Diana 35: Part 3

by Tom Gaylord
Writing as B.B. Pelletier

Diana 35
Diana 35 pellet rifle.

Part 1
Part 2

A history of airguns

This report covers:

  • The test
  • Sight in
  • Air Arms Falcons
  • Season the bore
  • Other pellets
  • RWS Superdome
  • RWS Superpoint
  • Discussion
  • Summary

I’m testing the accuracy of the Diana 35 today. I hadn’t planned to do that before I opened the rifle and at least lubricated it, but I’m now glad that I did. The trigger on this rifle is adjusted as good as I can get it, but it’s still a bit vague where stage two begins. I think a good lubrication of the trigger parts will help that a lot. So, what you see today could improve.

Also, I note that this rifle is cocking as easily as a Diana 27, yet it is more powerful. It isn’t up to the full spec of a 35, but the cocking effort is so much less that, unless the mainspring is severely canted, I might just leave it as it is. It’s sort of exactly what I was hoping for when I dreamed the whole thing up while working on Michael’s Winchester 427/Diana 27. read more


Remington 1875 BB and pellet revolver: Part 3

by Tom Gaylord
Writing as B.B. Pelletier

Remington 1875
Remington 1875 pellet and BB pistol.

Part 1
Part 2

This report covers:

  • Different cartridges?
  • Thank you for asking
  • Problems loading?
  • Let’s go!
  • RWS Hobby
  • I was confused
  • Sig Match Ballistic Alloy
  • Air Arms Falcon
  • Learned something
  • Shot count
  • Summary

Today we look at the velocity of the 1875 Remington BB and pellet revolver. In the first report I glossed over the fact that this revolver also shoots pellets. It even comes with 6 cartridges that are specifically for pellets, so those are the cartridges I will be using today.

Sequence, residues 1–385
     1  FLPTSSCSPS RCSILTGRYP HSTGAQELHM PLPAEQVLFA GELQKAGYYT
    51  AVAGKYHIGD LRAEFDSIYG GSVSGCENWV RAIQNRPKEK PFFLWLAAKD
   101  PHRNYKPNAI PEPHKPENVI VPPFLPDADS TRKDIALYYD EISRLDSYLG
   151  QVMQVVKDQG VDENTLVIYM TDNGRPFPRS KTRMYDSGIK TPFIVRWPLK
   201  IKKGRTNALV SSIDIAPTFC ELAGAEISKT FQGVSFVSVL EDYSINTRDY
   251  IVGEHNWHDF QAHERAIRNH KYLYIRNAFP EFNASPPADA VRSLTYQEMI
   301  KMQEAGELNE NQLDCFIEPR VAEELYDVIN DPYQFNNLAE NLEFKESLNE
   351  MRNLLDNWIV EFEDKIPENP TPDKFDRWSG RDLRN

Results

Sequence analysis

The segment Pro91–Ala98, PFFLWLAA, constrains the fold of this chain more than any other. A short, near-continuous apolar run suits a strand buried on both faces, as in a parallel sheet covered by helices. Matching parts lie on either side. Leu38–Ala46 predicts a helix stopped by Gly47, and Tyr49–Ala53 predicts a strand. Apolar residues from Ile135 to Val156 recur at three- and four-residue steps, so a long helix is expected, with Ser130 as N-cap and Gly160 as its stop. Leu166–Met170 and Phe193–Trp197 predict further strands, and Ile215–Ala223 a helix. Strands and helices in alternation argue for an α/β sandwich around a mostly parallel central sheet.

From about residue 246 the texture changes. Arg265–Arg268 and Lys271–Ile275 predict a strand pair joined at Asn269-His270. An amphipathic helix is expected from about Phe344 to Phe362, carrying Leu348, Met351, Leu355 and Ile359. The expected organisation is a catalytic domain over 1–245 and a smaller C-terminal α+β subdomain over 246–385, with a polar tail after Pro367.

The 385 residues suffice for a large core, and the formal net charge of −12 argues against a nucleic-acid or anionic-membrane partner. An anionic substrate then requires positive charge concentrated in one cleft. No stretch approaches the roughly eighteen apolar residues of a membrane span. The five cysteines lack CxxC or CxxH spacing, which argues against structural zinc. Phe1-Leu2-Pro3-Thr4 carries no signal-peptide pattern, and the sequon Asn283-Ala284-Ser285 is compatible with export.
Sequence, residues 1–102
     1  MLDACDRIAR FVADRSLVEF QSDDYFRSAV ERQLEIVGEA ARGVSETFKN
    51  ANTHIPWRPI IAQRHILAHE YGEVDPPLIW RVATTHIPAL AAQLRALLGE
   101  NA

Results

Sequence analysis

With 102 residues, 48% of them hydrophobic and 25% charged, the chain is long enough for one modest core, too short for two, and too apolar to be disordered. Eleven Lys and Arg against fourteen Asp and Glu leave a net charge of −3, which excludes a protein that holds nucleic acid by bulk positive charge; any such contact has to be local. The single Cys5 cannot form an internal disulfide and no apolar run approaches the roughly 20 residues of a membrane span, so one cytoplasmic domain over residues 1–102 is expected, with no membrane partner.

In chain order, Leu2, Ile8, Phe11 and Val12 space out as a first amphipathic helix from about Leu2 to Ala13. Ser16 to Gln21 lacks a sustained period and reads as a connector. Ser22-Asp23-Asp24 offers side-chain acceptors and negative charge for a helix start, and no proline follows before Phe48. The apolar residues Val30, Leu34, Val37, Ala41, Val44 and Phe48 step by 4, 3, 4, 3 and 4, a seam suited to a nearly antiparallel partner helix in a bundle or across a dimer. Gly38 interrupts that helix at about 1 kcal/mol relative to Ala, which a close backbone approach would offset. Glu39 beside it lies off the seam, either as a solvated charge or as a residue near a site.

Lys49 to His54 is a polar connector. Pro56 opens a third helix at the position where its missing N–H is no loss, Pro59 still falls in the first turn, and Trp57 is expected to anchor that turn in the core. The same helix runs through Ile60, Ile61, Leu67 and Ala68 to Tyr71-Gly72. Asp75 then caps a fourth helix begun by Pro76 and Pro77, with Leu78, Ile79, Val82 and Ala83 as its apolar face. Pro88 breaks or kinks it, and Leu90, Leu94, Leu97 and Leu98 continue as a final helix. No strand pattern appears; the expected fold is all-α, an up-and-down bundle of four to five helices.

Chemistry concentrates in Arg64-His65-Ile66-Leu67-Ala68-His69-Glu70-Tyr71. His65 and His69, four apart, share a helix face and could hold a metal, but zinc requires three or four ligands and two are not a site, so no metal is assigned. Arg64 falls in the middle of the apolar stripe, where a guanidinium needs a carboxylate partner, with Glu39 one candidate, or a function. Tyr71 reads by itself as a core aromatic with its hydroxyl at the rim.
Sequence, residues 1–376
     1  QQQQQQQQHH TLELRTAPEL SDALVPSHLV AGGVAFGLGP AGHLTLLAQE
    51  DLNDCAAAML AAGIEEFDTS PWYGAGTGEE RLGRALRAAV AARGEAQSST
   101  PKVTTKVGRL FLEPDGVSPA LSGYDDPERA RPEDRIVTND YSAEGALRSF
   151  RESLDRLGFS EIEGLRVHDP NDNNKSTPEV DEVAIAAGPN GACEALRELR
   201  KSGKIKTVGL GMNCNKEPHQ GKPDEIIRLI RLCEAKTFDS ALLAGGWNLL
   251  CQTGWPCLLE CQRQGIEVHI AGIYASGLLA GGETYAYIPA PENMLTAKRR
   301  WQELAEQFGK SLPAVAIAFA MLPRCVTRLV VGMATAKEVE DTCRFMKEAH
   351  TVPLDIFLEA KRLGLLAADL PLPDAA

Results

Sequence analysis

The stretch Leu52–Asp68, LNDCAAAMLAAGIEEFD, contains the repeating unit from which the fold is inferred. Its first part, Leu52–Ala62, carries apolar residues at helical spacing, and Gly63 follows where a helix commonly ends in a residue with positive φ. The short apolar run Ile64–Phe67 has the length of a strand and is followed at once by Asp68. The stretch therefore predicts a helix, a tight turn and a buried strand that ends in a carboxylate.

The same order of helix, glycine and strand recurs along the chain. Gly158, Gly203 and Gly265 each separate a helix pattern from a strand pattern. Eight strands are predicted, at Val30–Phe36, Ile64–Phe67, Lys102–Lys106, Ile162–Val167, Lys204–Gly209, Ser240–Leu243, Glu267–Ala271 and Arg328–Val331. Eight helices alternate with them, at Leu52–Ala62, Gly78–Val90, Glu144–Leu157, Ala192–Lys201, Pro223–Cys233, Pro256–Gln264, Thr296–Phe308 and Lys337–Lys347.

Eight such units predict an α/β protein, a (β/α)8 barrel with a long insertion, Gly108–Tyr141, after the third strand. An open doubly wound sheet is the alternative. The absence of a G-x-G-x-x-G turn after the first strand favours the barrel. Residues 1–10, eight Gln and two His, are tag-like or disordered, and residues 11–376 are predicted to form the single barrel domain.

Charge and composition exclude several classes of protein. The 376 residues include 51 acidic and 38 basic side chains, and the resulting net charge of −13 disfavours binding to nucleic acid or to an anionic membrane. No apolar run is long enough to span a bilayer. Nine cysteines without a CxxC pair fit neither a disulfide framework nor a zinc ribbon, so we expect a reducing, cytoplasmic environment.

Different cartridges?

This first question that came to my inquiring mind was — what’s the difference between the two cartridges? Obviously the 6 additional cartridges cost money, so why put them in a blister pack with a gun you are partially selling on price? They must be different and the difference, however small, must be important. read more


AirForce Edge 10-meter rifle: Part 3

by Tom Gaylord
Writing as B.B. Pelletier

Part 1
Part 2
Testing Baracuda FT pellets — Part3

AirForce Edge
The AirForce Edge target rifle.

This report covers:

  • 18-inch Lothar Walther barrel
  • Leak!
  • Accuracy
  • The test
  • No sight-in
  • How do velocities compare between the three barrels?
  • What you see
  • Next
  • Summary

Well, RidgeRunner — this one’s for you! Today we look at the AirForce Edge target rifle that reader RidgeRunner had Lloyd Sykes modify into a fancy plinking/sport air rifle. Lloyd boosted the power at the cost of 3/4 of the shots, by adding an air chamber after the built-in regulator. It is an elegant solution!

A normal Edge set up for target work gets about 110 shots from its tiny reservoir. This one gets 25. A normal Edge shoots target pellets at 500-525 f.p.s. This one shoots heavier RWS Meisterkugeln rifle pellets at an average of 713 f.p.s. (estimate — read Part 2 of this report) for 9.31 foot-pounds of energy at the muzzle. read more


Air Venturi TR5 Multi-Shot Target Air Rifle: Part 6

by Tom Gaylord
Writing as B.B. Pelletier

TR5
Air Venturi TR5 repeating pellet rifle.

Part 1
Part 2
Part 3
Part 4
Part 5

This report covers:

  • “I’ll eat my hat!”
  • We talked
  • Hobbys
  • The solution?
  • The test
  • Eye-opener!
  • Magazine 2
  • Next time?